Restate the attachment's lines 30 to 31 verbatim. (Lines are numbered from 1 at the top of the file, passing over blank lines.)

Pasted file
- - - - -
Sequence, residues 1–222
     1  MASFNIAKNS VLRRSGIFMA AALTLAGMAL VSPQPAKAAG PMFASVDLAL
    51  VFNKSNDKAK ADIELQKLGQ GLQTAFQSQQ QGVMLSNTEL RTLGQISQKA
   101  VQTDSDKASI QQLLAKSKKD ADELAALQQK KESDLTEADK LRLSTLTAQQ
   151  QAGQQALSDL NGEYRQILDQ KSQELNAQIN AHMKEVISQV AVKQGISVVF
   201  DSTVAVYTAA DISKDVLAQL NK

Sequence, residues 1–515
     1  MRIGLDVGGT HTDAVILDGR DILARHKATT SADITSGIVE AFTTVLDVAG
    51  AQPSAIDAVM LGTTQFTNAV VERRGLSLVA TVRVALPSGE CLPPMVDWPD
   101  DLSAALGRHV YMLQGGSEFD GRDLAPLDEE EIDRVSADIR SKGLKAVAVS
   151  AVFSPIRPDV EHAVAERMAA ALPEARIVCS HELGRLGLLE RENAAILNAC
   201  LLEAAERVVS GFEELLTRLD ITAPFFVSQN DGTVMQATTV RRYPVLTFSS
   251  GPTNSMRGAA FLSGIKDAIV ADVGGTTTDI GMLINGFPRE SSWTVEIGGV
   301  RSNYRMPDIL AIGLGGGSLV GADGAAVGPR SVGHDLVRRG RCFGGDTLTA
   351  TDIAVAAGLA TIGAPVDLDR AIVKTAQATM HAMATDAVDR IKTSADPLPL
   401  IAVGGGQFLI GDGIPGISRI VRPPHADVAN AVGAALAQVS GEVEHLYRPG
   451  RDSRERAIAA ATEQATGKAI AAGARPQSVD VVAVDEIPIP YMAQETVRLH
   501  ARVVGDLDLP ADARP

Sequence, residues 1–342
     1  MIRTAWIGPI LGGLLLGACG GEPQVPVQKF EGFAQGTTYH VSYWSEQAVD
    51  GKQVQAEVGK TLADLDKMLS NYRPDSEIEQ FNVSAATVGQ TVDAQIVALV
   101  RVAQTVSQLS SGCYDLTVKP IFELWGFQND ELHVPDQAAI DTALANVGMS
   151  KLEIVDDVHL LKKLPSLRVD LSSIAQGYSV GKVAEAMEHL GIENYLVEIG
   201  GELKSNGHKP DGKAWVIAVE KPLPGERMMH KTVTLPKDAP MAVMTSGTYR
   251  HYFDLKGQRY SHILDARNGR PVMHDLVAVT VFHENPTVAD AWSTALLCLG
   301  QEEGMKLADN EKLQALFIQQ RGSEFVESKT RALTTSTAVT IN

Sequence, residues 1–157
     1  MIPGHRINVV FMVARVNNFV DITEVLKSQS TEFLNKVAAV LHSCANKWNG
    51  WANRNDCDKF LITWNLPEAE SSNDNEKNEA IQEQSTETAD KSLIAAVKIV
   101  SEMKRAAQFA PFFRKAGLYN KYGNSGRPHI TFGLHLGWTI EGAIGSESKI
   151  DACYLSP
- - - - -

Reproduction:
   101  SEMKRAAQFA PFFRKAGLYN KYGNSGRPHI TFGLHLGWTI EGAIGSESKI
   151  DACYLSP